“For by grace you have been saved through faith, and this is not from you; it is the gift of God; it is not from works, so no one may boast. For we are his handiwork, created in Christ Jesus for good works that God has prepared in advance that we should live in them.” Ephesians 2:10
The slices of life pared up in any given funeral home are like no other. Apart from being a terribly misplaced oxymoron, one still can ask: why they call them, “homes?”
Perhaps it is because so much drama takes place there just like our own home, but there is probably more to it than that. Consider the life of Mr. Jenkins who managed Bucktrout of Williamsburg, Virginia which is considered by some to be the oldest funeral home in America. Opened in 1759, it began as a cabinetmaker shoppe and to this very day boasts of remarkable service and client care. For Mr. Jenkins, the funeral home was his home, at least emotionally as he poured out his soul to grieving families and always seemed to act that it was his loss as much as it was theirs.
It was the last funeral service of the day and the week. It was also the final amount of paperwork that the aged and wise director would ever have to complete before his long-awaited retirement. He had done well for himself and his family. His hope was that he might recapture all those moments that he seemed to miss because of the emergencies of so many others. He thought he would get a head start of all the packing of thirty years of memories by going room by room to collect the relics of his past service as an “undertaker” as his wife would often remind him, and to wipe clean the layers of memories accumulated like dust upon the shelves of unread books.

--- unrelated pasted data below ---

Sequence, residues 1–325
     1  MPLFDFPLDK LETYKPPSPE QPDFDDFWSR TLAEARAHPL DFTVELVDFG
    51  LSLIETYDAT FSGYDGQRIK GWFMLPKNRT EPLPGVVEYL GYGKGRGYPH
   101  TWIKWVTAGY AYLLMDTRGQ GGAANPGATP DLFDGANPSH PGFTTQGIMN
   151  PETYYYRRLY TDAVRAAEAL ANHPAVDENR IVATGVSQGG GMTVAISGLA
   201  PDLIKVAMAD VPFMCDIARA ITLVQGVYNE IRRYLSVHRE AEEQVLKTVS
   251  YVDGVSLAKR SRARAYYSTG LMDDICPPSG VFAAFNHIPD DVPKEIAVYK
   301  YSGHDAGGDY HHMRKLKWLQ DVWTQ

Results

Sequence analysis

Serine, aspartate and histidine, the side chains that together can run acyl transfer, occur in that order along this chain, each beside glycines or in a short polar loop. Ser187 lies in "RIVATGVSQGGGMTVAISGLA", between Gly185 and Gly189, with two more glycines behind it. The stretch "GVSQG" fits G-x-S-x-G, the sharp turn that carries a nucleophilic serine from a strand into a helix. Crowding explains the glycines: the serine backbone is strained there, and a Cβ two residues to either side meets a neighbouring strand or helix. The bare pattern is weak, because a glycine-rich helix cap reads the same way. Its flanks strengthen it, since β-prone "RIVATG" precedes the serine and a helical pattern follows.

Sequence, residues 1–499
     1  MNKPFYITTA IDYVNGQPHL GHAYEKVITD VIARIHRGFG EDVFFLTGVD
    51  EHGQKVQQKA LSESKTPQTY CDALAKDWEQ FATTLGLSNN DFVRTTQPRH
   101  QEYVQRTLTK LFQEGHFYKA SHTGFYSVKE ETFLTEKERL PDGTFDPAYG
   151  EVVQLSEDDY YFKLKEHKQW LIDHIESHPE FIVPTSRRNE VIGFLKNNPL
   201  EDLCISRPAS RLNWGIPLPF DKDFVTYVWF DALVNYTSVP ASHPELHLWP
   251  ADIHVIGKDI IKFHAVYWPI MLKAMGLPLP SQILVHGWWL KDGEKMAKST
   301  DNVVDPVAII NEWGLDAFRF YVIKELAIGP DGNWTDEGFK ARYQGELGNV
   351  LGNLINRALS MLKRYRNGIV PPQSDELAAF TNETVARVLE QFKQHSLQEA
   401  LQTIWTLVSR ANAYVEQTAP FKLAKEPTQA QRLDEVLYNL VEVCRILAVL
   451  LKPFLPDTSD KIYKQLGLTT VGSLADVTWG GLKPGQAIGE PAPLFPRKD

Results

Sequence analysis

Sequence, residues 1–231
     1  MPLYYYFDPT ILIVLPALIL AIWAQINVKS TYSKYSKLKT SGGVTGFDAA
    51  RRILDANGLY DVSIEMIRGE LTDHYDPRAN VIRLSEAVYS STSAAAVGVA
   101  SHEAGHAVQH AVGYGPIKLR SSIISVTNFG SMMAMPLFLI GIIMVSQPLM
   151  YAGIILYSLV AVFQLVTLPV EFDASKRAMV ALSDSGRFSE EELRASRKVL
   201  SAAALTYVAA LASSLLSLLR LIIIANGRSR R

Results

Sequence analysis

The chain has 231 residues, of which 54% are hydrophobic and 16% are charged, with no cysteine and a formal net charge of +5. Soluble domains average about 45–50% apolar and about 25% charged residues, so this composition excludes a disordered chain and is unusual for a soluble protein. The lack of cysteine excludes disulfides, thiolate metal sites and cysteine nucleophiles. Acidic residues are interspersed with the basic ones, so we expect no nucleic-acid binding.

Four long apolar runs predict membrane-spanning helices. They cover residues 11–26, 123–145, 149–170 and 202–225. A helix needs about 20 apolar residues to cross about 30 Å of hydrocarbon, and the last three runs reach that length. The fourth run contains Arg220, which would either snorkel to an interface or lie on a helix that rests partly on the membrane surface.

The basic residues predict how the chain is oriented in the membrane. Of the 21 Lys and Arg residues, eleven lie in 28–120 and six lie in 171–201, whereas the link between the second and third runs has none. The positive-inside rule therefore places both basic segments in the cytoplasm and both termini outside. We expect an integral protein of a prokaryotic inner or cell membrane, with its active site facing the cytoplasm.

In one particular area of his large and specious office, amidst the couches and sofas that held grieving families and their tears and their stories all these years, there were little spots and interesting gifts from people that would always hold a special place in his heart as he began to pack up and leave that building for the last time, alive, anyway. Some brought sadness to his heart like the teddy bear of the child he helped bury who died of a rare heart disease or the framed high school diploma of the young student who was killed in a car crash just days after graduation, a gift from his parents with the undying hope that he would never forget their son and the family and friends he left behind. It was successful.